Ghana is home to the world’s favourite cocoa beans. They’re bigger in size, have a higher butter content and superior flavour – all qualities which make Ghana’s cocoa the world standard against which all cocoa is measured.
But while cocoa used to be the biggest foreign exchange earner for the West African country, contributing about 45 percent of the total foreign exchange earnings, now the commodity barely provides 25 percent.
“They [farmers who sell their lands] don’t know what they are doing because cocoa is a legacy that can be left to children, unlike one-time cash.” –Nana Kwasi Ofori of the Cocoa Farmers Association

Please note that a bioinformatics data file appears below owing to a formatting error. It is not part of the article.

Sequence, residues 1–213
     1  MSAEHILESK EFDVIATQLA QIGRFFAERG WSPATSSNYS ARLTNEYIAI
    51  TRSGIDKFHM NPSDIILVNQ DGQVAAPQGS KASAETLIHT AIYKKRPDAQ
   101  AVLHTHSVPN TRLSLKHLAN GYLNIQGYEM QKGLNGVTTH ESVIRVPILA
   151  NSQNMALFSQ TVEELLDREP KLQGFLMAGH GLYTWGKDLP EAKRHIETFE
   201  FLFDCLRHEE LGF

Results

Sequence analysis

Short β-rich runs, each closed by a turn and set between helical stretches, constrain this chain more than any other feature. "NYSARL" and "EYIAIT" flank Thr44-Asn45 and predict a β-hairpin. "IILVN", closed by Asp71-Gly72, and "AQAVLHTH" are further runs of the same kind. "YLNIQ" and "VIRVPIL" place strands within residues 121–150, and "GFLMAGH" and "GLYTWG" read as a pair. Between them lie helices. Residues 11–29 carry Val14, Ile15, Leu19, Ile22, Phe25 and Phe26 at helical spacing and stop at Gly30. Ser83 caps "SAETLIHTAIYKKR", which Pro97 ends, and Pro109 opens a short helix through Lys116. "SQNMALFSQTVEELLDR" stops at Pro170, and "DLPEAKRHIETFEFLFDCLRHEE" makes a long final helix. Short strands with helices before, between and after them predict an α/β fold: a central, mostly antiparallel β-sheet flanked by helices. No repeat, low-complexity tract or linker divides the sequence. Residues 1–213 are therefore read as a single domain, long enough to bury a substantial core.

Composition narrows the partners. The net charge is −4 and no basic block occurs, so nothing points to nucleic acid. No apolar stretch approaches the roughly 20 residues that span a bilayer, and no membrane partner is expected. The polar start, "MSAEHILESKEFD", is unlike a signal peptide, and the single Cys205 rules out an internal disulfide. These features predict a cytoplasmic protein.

Farmers in Ghana follow a strict routine in the planting, harvesting and drying of cocoa, supported and monitored by the government regulator, the Ghana Cocoa Board.
They employ natural drying of the beans in the sun (instead of heating), turning the beans at regular intervals for not less than a week. This natural and painstaking means of drying ensures the beans turn out their characteristic golden brown. The layers of monitoring at the time of purchase are all part of government’s intervention. Read more